Even though they now publish franchises like Saints Row, Metro and Dead Island, the German company is still pretty tiny.
Most American gamers didn’t know what Deep Silver was until that memorable Dead Island trailer. When the zombie-killing multiplayer game released, it oddly sold well even though it didn’t have much going for it. That cash allowed CEO Klemens Kundratitz to think about expanding Deep Silver beyond the European game distribution business it was into publishing AAA console titles on a more regular basis. The folding of THQ was an opportunity to jump in, and Kundratitz seized it. Now the privately-held barebones company has three major gaming brands to work with, as well as a new mobile unit after the acquisition of Fishlabs, but Kundratitz told me over drinks at GDC 2014 that he is going to try to keep Deep Silver “nimble.”
Dead Island‘s success was as much a surprise to Kundratitz as it was to the rest of the world. “Against all the odds, it performed exceptionally well,” he said. “Late in the life cycle, new IP, mediocre Metacritic ratings; it was all against us, but still people enjoyed the experience. And as far as the excitement of zombies go, we kind of nailed it for many millions of gamers.”
“Many millions” is by no means a misnomer. Between Dead Island and its sequel, Deep Silver has sold 8 million copies. That’s a lot of dead zombies.
Kundratitz is an older man, with neat grey hair, thick black glasses and an easy-going manner. English isn’t his first language, but he comports himself in a very regal way, choosing his words carefully. It’s a bit disconcerting hearing him say words like “zombies” and “Metacritic” when he looks and sounds like he should be describing the policies of the crown. Instead, Kundratitz is deftly avoiding my wise-ass questions about when we’ll hear about a new Saints Row. I almost feel bad for him.
“We are IP driven. We’ve extended our portfolio in the last 12 months, and you can expect further announcements expanded the portfolio in the near future,” he said. The illustrious Stephanie Schopp who handles the American PR for Kundratitz jumped in to say we’ll hear more in the first half of this year. So maybe PAX East? Stay tuned for more on that.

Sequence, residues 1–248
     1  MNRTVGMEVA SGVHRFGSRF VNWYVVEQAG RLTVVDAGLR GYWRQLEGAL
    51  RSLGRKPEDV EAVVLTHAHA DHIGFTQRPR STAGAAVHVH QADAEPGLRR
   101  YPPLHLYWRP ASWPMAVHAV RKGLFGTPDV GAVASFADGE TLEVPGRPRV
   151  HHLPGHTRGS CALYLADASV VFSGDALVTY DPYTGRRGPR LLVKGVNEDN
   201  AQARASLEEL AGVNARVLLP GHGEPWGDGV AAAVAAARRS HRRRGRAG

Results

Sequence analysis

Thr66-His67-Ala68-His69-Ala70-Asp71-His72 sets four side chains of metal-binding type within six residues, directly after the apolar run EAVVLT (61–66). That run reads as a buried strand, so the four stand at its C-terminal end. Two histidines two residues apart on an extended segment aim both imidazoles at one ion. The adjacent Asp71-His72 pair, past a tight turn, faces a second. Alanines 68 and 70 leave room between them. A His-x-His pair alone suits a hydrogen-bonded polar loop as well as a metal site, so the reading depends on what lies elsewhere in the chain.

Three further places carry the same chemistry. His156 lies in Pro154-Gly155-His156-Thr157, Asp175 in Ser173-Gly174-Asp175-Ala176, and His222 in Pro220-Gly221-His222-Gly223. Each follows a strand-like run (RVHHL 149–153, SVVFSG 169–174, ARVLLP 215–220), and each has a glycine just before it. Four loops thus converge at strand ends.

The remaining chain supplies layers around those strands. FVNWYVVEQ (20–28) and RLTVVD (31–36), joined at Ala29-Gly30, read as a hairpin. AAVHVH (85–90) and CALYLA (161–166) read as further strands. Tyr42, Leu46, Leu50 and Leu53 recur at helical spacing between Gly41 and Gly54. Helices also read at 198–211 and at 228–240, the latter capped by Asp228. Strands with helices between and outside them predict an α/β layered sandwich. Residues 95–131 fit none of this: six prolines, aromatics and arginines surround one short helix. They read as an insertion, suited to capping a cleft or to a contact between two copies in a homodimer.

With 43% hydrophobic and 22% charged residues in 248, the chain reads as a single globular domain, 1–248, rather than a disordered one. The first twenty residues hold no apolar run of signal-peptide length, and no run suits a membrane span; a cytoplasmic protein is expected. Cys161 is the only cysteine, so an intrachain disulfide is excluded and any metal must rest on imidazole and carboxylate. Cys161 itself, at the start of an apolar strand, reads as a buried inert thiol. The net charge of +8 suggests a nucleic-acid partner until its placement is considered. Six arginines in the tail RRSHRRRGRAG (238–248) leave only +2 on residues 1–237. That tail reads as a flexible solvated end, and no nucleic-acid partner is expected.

One thing Kundratitz could tell me is that he doesn’t think the annual release schedule similar to what competing brands like Call of Duty or Assassin’s Creed do now would work with the Deep Silver portfolio. Will we see a Saints Row every year? “I’m not so sure that’s such a great idea,” he said. “I’d rather have a blockbuster game and then support it with a series of digital content. Additional missions, and other elements of the game added later on. I think that’s a more appropriate strategy. I don’t want people to wonder ‘Is this just an iteration of last year’s game or is this something new?'”
He also sees growth for Deep Silver delivering content in each franchise that may be smaller in scope than a huge AAA console release. Dead Island Epidemic is a great example – a MOBA set in that world is not the “next iteration” but instead just another digital offering that may get more players interested in the franchise.
That’s also how Fishlabs, the mobile games studio Deep Silver bought late last year, might fit in nicely. Fishlabs can make games using the Metro name, or create Saints Row minigame, that will bring Deep Silver’s games to a different audience making them true franchises. I brought up the possibility of using Fishlabs to create companion apps like Assassin’s Creed IV did or try to get into the huge Asian mobile market, but Kundratitz said those aren’t the core objectives. “The first objective is to take part in this stellar opportunity of this growing new platform of smartphones and tablets,” he said. “We see, as a content provider of games, two new screens that we can fill with a lot of entertainment.” There’s a billion smartphones sold every year, and Kundratitz wants to put games on as many of them as he can.
Whatever decisions Kundratitz has been making have sure paid off lately. Deep Silver’s games have sold like gangbusters, even in a year that straddled console releases and would typically see modest sales. “In a transitional year like 2013, where it’s hard to keep the momentum going commercially, we had our best year ever,” he said. “Since the Dead Island launch, every year we look to accelerate that growth going forward with the help of next-gen, mobile and free to play offerings. We’re firing on all cylinders and it’s a great time for independent publishers like us. Being a private, independent and nimble company, you can do a lot of things that a lot of bigger, public companies are not so good at.”
The bigger public companies he’s talking about are EA and Activision and Ubisoft, in case you were wondering. Those publishers might have to make exclusive console deals with Microsoft or Sony in order to maximize “shareholder value”, but Deep Silver doesn’t have to worry about any of that that. “We’re in nobody’s camp,” Kundratitz said when I asked him if he paid attention to the debate between the PlayStation 4 versus the Xbox One versus the Wii U. “Whether one is better than the other is not me to judge. I am glad that they are pushing their new consoles because they are all giving us a place to sell our games.
“We’re where ever gamers want to game.”